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Tezcatlipoca – Tlayohualtlapelani

tezcatlipoca – tlayohualtlapelani

Tezcatlipoca are a band from León, in the State of Guanajuato. So far, they released one debut album entitled “Ipehualtiyayohually” (2015) through the Mexican Diabolus Productions’ label, in co-operation with Caligo Arcanum Productions from Puebla.

I have never heard the debut, so I can only focus on their second effort. The music is described as Black Metal/folk with texts, theme and lyrics in Nahuatl.

According to ancient Aztec mythology, Tezcatlipoca (or ‘Smoking Mirror’) was the god of the night and the night sky, the north, the cold and the war. Moreover, in these legends, several ‘nocturnal’ elements of seduction, deception, and black magic come to the fore. Tezcatlipoca was apparently already worshipped by the Olmecs and became generally popular from the tenth century on. He had a mirror of polished obsidian from which deadly fumes escaped, enabling him to kill his foes.

It does sound rather ominous, doesn’t it?

The album. The album kicks off with a indigenous flute before erupting into a barrage of extremely heavy drums, concrete guitar riffs and raw, shouted vocals ( no clean singing but no Black Metal vocals either ). This Mexican blitzkrieg tactic works for about 2 minutes, until you realize that the song is totally overproduced, vomiting compression in all directions and with a vocalist who tries his best to escape from this tumult by shouting in a very militant way. Even the addition of flutes can’t temper this audial storm. And it goes on like this : a very loud and hard sound without any moment of relief or acoustic bridge or part, uncapable of giving the ears a break. Seems like Tezcatlipoca have learned about the loudness wars and decided to apply it. The use of increasing audio levels, extreme dynamic range compression and boosting loudness has always been a way to attract the attention of listeners.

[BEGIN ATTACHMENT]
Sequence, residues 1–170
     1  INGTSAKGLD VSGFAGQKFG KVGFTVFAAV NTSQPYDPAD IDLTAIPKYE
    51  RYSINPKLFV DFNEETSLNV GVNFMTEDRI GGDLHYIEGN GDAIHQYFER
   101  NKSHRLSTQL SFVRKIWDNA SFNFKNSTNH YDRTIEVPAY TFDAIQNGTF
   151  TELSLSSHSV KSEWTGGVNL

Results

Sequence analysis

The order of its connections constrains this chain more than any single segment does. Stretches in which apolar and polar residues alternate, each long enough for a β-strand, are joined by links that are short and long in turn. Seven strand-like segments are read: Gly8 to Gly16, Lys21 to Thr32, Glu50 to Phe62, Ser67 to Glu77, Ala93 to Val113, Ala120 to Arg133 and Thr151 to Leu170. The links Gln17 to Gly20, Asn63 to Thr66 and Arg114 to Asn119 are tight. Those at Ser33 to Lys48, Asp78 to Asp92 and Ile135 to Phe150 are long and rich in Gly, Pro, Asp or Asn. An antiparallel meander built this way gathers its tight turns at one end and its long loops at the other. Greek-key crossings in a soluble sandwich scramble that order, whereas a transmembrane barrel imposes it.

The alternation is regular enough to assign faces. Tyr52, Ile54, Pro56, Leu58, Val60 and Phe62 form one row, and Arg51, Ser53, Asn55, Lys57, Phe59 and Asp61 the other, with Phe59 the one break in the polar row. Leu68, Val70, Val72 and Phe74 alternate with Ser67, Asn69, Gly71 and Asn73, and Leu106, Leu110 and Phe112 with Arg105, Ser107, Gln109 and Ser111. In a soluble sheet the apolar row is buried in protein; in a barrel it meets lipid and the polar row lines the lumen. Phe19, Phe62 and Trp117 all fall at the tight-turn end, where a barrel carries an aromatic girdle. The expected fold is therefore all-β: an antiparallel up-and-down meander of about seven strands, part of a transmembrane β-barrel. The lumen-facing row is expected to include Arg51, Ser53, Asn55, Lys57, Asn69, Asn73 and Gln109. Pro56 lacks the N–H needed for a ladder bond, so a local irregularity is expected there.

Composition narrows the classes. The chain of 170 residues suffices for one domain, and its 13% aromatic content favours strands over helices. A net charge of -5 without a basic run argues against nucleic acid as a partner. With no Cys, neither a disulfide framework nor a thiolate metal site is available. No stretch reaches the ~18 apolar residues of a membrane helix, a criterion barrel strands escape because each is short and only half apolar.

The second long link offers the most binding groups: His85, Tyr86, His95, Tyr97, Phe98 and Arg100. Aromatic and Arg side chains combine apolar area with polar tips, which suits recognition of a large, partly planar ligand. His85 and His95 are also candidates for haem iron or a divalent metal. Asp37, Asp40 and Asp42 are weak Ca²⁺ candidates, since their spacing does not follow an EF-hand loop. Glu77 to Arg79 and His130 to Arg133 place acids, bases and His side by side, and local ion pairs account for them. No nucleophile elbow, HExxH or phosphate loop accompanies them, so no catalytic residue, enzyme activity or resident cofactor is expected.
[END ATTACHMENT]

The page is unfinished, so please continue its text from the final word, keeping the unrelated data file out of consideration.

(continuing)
The thing is : although this album sounds like a cluster bomb, it loses its appeal quite quickly. The flutes are added at random, those typical Black Metal influences such as blast beats, hypnotic riffs can’t be traced. And as mentioned before – the vocals aren’t “Black Metal”. I’m still trying to find out what that awful and amateuristic sound collage of horns, drums, flutes, rain and thunder, which serves as the last instrumental track, are all about.

Before bombarding yourself to Black Metal/folk – have a look at Xibalba Itzaes, guys. Or the warlike Black Metal tornado of Tlacaelel.This simply isn’t Black Metal/folk. It’s a loud and noisy metal album with Aztec influences. And although it may seem like a nice experiment, I think I’ll pass. (LV)